Special Report: Sustainability & the Environment
Environmental activists are encouraging the demise of catalogs by promoting the notion that consumers should opt out of receiving them and encouraging lawmakers to put do-not-mail legislation on the books at the state and federal levels. Their justification and, therefore, talking points center on the allegation that catalogs are killing trees, overwhelming landfills and wasting paper.
It’s time to aggressively counter their charges. We’re calling on all catalogers to step up and publicly declare that they’re responsible environmental stewards.
The catalog/multichannel community can’t sit by and let the success of one of the most beloved methods of direct marketing be tarnished by emotional appeals from those who have no stake in the success of responsible commerce and no handle on the facts. What follows are the key facts every cataloger needs to know.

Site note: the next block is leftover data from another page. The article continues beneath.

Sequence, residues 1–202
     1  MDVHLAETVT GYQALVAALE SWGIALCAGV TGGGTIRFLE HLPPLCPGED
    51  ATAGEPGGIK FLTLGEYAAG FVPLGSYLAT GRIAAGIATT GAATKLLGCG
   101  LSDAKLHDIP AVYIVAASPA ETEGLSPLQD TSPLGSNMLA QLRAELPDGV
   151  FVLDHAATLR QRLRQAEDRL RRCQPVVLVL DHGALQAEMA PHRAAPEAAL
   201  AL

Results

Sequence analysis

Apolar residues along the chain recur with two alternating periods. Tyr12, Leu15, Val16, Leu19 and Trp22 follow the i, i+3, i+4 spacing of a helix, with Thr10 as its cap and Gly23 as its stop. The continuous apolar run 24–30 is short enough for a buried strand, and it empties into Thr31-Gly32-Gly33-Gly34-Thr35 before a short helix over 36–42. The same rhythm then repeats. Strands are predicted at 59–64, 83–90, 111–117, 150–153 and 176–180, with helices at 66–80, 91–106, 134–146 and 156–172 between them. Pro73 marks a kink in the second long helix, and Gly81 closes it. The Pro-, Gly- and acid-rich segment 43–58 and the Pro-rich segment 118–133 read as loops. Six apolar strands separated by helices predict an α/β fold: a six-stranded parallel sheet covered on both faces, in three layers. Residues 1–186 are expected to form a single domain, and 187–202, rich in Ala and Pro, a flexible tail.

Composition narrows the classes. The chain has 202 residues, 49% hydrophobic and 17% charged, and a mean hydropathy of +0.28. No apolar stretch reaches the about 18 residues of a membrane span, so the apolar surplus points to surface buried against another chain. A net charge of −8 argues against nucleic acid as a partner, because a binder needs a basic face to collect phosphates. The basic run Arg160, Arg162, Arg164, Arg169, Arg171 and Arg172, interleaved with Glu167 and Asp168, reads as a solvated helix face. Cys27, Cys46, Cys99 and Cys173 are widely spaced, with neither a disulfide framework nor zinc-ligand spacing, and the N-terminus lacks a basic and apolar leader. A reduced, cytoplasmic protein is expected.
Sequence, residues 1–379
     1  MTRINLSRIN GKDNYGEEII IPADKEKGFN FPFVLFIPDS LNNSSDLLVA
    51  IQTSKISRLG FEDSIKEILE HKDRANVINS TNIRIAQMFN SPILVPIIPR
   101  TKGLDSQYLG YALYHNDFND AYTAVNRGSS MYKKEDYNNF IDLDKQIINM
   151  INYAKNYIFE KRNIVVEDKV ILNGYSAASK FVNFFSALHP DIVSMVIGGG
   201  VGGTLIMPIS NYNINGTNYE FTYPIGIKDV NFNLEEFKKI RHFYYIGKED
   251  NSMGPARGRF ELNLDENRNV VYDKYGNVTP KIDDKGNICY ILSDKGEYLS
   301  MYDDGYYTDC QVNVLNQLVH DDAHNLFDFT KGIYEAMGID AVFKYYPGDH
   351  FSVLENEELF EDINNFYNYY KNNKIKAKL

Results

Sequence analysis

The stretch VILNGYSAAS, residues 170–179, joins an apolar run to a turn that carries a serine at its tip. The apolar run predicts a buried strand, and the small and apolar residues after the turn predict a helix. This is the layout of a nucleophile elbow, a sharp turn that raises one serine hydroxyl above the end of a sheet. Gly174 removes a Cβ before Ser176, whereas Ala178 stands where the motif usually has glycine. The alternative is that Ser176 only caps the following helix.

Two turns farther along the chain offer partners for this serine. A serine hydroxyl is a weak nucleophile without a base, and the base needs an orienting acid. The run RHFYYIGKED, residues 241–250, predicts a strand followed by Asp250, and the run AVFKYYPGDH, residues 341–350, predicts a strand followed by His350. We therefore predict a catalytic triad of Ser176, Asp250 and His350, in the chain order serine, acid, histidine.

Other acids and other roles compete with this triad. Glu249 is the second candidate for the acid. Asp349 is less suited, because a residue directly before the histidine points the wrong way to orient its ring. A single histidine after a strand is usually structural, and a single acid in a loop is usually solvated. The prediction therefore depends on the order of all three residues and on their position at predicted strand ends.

But this article must not be viewed as your industry advocate standing on her high horse. So below those facts are 15 vital actions we must take in the face of this environmental adversity.
Catalogers are preserving American forests. Catalogers are meeting our need for paper by supporting the sustainability of forests. The amount of U.S. forestland today is actually about the same as it was in the early 1900s, despite our population tripling. The forest products industry in North America plants more trees than it harvests each year. And when you think about it, this is logical and should be apparent.
Catalogers are decreasing the amount of direct marketing materials that wind up in landfills. According to the Environmental Protection Agency, a few years ago direct mail accounted for only 2.4 percent of the total municipal solid waste generated in the U.S. annually. Figures released earlier this year show this figure has decreased to 2.2 percent, and it’s likely to decline more as greater strides are made in paper recycling.